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The geomagnetic polarity timescale for the Triassic: linkage to stage boundary definitions

Research output: Contribution in Book/Report/ProceedingsChapter (peer-reviewed)

Published

Publication date2010
Host publicationThe Triassic timescale
EditorsS.G Lucas
Place of publicationLondon
PublisherGeological Society of London
Pages61-102
Volume334
Edition1
ISBN (Print)9781862392960
Original languageEnglish

Publication series

NameSpecial publication of the Geological Society

Abstract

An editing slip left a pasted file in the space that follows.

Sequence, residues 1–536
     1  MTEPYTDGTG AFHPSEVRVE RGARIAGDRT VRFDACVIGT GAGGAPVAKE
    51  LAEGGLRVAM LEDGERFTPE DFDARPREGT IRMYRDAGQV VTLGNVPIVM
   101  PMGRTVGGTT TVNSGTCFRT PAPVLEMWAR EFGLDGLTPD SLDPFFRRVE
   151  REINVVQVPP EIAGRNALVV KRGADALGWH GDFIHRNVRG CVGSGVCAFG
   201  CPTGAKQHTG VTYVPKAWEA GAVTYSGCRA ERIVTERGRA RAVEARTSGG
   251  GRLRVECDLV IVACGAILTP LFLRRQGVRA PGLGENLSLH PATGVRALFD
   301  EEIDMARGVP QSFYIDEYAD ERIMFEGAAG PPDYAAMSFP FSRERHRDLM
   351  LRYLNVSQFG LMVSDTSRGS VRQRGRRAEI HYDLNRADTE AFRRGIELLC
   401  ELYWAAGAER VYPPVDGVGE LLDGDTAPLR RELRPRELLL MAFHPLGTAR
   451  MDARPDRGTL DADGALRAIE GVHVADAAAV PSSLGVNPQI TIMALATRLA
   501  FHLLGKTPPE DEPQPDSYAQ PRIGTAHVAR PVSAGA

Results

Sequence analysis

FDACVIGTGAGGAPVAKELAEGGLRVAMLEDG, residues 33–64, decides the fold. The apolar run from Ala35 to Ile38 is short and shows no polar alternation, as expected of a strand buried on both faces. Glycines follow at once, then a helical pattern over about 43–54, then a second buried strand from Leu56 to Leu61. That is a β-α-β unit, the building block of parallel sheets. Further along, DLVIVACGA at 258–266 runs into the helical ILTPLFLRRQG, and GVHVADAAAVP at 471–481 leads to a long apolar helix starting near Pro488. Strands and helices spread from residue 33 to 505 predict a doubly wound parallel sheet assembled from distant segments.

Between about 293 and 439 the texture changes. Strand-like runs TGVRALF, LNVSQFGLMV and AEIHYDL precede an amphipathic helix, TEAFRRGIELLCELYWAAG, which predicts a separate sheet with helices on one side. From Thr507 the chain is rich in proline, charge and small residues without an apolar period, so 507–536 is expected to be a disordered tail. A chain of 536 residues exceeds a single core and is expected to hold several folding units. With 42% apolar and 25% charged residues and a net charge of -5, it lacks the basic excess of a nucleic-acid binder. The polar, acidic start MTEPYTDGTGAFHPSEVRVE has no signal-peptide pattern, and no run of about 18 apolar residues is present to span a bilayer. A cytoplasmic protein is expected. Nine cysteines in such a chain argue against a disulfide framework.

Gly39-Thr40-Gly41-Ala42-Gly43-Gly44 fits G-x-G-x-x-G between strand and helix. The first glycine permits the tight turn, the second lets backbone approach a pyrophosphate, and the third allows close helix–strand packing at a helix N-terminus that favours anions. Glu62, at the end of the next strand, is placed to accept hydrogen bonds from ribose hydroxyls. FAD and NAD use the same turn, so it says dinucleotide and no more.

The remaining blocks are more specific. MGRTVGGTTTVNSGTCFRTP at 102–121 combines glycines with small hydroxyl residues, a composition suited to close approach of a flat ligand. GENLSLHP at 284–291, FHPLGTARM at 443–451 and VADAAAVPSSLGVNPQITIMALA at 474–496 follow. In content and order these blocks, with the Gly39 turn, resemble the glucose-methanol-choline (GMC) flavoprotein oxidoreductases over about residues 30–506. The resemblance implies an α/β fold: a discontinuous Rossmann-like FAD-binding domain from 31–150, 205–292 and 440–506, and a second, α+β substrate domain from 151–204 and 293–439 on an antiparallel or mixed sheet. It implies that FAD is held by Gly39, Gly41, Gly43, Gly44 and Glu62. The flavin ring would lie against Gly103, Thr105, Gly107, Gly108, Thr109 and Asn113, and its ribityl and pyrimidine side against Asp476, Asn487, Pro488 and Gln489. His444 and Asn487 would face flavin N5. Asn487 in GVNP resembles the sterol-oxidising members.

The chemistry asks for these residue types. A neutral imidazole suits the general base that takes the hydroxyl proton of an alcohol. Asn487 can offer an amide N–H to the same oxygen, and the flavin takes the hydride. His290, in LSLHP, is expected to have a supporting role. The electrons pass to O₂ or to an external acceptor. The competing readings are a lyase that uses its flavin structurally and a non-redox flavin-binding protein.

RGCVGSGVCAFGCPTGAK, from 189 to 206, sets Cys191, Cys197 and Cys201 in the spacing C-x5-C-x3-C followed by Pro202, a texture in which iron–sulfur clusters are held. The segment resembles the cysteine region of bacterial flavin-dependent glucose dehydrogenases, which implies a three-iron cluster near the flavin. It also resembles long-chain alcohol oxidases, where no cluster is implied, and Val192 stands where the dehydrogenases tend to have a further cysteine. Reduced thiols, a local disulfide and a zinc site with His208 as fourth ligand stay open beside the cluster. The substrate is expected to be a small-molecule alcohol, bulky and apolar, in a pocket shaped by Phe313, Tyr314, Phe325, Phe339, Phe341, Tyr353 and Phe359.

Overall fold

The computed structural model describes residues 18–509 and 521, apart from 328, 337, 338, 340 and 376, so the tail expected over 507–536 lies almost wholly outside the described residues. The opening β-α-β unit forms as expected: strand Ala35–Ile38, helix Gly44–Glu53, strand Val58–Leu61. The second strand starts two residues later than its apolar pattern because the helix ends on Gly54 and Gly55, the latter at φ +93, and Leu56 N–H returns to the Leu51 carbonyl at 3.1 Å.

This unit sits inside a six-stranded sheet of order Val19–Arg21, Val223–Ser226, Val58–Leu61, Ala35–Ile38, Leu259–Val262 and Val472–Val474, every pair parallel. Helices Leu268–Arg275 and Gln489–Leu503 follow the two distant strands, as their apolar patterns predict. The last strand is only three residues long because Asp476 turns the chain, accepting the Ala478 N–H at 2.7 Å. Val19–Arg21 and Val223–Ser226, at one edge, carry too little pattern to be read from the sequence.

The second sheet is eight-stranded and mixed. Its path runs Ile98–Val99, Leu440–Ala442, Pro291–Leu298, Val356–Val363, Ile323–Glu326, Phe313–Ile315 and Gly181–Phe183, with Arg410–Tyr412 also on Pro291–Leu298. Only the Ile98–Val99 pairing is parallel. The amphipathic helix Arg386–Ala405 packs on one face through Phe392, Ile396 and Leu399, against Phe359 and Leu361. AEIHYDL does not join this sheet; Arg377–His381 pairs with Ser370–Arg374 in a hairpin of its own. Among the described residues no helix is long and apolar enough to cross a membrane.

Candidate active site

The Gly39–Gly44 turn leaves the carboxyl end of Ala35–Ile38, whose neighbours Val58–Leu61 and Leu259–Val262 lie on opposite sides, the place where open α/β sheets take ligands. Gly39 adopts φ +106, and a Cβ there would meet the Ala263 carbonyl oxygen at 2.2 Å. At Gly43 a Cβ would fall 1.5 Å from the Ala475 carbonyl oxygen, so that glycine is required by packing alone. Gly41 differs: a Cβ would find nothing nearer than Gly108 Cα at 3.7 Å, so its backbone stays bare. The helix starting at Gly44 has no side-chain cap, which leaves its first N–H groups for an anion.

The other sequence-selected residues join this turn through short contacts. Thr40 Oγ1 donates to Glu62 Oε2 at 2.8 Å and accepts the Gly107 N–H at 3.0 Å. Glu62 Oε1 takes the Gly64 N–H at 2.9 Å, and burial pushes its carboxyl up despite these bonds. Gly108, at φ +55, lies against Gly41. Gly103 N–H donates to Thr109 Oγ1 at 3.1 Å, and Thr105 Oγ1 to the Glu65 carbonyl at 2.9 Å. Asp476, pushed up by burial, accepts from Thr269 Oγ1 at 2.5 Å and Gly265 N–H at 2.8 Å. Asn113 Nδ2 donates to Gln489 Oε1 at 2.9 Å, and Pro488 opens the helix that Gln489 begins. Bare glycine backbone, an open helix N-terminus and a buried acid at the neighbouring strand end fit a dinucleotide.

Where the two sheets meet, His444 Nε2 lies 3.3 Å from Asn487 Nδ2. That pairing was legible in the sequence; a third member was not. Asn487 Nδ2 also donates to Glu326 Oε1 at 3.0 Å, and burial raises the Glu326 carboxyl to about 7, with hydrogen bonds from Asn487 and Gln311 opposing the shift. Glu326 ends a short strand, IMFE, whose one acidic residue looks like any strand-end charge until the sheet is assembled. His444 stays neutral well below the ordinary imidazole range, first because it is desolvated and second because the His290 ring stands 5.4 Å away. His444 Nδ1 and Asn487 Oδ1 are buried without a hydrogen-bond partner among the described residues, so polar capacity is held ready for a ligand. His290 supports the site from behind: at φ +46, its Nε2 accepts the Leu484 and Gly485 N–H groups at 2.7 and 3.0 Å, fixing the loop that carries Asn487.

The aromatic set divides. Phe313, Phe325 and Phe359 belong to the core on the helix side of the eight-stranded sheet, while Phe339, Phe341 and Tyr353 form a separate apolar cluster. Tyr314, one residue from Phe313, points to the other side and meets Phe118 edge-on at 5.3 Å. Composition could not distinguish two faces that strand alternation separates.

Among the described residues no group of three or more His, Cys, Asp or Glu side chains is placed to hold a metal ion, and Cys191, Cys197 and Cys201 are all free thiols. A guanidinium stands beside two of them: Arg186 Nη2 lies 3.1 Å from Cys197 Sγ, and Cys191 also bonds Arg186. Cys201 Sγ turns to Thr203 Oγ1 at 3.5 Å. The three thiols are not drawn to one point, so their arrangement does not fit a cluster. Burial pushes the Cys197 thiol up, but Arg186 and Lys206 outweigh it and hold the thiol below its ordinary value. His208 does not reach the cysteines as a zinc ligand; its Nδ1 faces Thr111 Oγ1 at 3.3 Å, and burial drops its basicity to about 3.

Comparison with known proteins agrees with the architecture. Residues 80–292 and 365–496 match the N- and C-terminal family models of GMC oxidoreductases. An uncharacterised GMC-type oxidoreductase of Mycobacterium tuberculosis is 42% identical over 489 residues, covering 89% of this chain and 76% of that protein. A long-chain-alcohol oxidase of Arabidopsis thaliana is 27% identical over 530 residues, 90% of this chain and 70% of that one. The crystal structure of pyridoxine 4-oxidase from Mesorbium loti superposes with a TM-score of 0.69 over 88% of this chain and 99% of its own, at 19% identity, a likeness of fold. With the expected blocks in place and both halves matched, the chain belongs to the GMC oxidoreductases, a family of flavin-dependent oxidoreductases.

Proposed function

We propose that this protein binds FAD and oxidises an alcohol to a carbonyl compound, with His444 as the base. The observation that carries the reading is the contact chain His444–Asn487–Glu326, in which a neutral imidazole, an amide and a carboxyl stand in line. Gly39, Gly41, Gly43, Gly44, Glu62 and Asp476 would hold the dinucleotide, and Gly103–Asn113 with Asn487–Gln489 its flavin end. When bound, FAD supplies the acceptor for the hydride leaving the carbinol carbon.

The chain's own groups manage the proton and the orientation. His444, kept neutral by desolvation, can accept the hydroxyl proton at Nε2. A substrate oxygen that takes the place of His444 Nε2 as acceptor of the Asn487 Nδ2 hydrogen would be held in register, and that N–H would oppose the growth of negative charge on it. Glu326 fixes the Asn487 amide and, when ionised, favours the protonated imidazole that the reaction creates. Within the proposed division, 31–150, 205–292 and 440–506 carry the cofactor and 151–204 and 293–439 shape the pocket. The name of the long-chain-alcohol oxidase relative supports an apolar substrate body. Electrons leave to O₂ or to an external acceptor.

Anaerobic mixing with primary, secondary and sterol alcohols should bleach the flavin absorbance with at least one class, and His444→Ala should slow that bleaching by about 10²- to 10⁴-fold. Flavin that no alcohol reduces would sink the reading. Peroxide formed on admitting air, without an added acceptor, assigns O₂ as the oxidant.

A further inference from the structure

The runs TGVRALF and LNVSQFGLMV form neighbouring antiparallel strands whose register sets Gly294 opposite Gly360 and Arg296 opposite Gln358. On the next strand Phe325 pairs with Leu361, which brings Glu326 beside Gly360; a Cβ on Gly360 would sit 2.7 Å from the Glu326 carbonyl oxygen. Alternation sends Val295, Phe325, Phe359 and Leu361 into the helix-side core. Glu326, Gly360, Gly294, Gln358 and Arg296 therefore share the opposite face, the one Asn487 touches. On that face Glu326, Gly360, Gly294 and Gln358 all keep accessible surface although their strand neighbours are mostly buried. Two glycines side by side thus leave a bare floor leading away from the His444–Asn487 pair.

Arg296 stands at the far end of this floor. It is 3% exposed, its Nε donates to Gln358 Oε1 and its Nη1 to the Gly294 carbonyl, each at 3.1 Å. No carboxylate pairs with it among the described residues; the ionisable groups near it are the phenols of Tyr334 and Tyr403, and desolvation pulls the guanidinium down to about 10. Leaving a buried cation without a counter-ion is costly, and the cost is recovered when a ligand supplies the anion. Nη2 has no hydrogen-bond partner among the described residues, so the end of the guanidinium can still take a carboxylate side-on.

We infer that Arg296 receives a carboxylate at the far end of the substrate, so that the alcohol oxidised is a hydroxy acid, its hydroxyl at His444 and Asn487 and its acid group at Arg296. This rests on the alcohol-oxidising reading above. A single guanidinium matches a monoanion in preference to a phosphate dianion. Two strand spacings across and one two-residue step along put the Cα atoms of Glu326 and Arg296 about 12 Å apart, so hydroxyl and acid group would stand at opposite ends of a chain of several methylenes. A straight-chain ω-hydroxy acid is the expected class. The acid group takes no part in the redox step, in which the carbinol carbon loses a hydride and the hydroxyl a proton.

Studies of Triassic magnetostratigraphy began in the 1960s, with focus on poorly fossilferous nonmarine red-beds. Construction of the Triassic geomagnetic polarity timescale was not consolidated until the 1990s, when access to magnetometers of sufficient sensitivity became widely available to measure specimens from marine successions. The biostratigraphically-calibrated magnetostratigraphy for the Lower Triassic is currently largely based on ammonoid zonations from Boreal successions. Exceptions are the Permian–Triassic and Olenekian–Anisian boundaries, which have more extensive magnetostratigraphic studies calibrated by conodont zonations. Extensive magnetostratigraphic studies of nonmarine Lower Triassic successions allow a validation and cross-calibration of the marine-based ages into some nonmarine successions. The Middle Triassic magnetostratigraphic timescale is strongly age-constrained by conodont and ammonoid zonations from multiple Tethyan carbonate successions, the conclusions of which are supported by detailed work on several nonmarine Anisian successions. The mid Carnian is the only extensive interval in the Triassic in which biostratigraphic-based age calibration of the magnetostratigraphy is not well resolved. Problems remain with the Norian and early Rhaetian in properly constraining the magnetostratigraphic correlation between the well-validated nonmarine successions, such as the Newark Supergroup, and the marine-section-based polarity timescale. The highest time-resolution available from magnetozone correlations should be about 20–30 ka, with an average magnetozone duration of c. 240 ka, for the Lower and Middle Triassic, and about twice this for the Upper Triassic.